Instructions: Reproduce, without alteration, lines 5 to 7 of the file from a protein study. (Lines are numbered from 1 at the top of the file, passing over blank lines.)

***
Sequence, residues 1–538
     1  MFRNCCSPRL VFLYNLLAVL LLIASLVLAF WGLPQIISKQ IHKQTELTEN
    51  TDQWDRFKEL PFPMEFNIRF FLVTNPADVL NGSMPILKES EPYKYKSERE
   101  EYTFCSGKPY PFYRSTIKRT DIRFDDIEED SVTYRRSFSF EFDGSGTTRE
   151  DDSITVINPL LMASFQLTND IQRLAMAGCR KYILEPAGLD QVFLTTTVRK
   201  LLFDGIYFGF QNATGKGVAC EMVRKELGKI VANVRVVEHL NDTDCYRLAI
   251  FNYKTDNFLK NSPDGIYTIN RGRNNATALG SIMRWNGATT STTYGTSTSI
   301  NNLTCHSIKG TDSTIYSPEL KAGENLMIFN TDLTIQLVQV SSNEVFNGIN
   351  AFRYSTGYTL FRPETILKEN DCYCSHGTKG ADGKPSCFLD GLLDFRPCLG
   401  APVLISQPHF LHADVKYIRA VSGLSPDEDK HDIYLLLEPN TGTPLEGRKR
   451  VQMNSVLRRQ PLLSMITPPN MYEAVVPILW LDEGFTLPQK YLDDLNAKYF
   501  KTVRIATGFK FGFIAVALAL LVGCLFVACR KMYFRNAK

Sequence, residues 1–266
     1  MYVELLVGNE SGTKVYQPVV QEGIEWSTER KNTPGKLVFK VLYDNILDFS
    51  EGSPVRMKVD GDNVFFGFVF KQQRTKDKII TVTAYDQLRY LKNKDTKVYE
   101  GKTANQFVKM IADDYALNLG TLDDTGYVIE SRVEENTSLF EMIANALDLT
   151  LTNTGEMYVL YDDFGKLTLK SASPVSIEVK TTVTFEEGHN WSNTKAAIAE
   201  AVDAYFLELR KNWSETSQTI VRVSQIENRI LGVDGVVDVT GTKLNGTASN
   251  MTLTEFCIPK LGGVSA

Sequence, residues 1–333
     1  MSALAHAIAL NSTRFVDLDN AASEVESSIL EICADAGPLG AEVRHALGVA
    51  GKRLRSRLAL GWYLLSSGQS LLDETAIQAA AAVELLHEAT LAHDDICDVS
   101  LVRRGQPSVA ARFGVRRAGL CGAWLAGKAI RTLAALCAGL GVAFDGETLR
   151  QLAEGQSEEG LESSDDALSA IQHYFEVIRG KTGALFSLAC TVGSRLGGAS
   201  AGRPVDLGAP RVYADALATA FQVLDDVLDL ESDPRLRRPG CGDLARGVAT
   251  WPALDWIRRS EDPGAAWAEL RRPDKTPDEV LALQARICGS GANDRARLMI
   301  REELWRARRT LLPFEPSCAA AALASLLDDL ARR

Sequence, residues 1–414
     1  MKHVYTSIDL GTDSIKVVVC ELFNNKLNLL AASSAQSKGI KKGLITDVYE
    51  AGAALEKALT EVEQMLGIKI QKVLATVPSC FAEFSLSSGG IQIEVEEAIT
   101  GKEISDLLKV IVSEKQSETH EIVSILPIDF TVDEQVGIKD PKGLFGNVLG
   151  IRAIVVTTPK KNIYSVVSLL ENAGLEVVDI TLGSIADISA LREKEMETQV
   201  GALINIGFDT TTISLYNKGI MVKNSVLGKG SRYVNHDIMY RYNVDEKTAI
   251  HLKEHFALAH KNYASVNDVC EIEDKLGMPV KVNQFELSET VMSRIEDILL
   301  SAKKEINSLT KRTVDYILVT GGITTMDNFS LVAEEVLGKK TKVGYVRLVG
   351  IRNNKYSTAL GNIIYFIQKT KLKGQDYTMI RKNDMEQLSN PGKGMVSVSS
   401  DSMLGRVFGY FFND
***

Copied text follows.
   151  DDSITVINPL LMASFQLTND IQRLAMAGCR KYILEPAGLD QVFLTTTVRK
   201  LLFDGIYFGF QNATGKGVAC EMVRKELGKI VANVRVVEHL NDTDCYRLAI
   251  FNYKTDNFLK NSPDGIYTIN RGRNNATALG SIMRWNGATT STTYGTSTSI